The most common prognosis of procrastination, “lack of discipline”, is what most productivity tricks aim to tackle. They act as psychological signifiers, that you need to get something done today. When you start incorporating, Don’t Break The Chain, in truest sense, the objective of the “red X marks” is to remind you everyday that you need to get something done before the day runs its course.
Ever remember those assignments which you couldn’t focus on no matter how hard you tried? “Soul crushing tasks” are a perfect recipe for “breaking your chain” and getting de-motivated which is why I feel, these processes skip over two more important aspects of staying productive – choosing the task and staying motivated.
It doesn’t matter weather you use an hourglass, a calendar or a minute-to-minute breakdown of your task to get things done. In my opinion, you can be productive, if you incorporate three habits in your daily lifestyle.
Discipline, Choice and Motivation
A zero day is when you don’t do a single fucking thing towards whatever dream or goal or want or whatever that you got going on. No more zeros. I’m not saying you gotta bust an essay out everyday, that’s not the point. The point I’m trying to make is that you have to make yourself, promise yourself, that the new SYSTEM you live in is a NON-ZERO system. Didnt’ (sic) do anything all fucking day and it’s 11:58 PM? Write one sentence. One pushup. Read one page of that chapter. One. Because one is non zero.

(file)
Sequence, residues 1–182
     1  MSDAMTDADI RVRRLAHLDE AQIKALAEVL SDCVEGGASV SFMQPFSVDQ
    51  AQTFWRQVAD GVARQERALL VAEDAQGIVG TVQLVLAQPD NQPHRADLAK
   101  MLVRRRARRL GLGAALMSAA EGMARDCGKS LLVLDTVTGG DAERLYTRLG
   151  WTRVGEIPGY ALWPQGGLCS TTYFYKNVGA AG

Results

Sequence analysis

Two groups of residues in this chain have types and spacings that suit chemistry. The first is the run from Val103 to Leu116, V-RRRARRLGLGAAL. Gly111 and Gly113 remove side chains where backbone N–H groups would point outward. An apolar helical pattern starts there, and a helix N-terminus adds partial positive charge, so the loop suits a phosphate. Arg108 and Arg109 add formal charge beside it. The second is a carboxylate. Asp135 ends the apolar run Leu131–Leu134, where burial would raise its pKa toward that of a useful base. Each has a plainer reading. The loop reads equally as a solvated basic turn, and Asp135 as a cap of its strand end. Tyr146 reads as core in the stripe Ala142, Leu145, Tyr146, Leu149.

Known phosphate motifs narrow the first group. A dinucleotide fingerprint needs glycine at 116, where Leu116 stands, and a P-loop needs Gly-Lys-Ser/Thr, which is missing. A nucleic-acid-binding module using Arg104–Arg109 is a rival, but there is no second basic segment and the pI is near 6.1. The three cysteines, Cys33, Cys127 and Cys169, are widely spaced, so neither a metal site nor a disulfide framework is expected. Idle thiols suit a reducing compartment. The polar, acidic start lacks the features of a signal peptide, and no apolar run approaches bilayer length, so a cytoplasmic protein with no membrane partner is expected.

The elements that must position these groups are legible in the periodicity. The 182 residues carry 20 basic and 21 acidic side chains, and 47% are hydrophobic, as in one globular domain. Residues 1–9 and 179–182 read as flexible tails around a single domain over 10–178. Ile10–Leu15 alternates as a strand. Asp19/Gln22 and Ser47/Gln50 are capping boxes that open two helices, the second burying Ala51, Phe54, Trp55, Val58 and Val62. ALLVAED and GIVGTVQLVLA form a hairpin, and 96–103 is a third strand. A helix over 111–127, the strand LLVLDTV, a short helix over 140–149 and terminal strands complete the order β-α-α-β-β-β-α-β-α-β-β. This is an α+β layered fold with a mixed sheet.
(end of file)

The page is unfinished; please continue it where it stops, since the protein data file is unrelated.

— No Zero days by /u/ryans01
Taking the first step matters because only the first step can encourage you to take another. “I don’t feel like doing anything” – is the most common excuse for people to procrastinate because getting started is the hardest thing people battle with everyday. It hard to open your text editor to crank new lines of code or open the draft of unfinished post to write more because it is (seemingly) too much work but as it happens, contrary to former feeling, there is a joy in getting started and finally start doing something.
I used to be daunted by people’s commitment to write thousand words, committing code, everyday but looking closely, it seems after a certain point, the commitment is no more a discipline but a habit. The way people can help themselves is to stop looking for motivation to get started, instead, get started to gain motivation. Discipline matters! because it gets you started.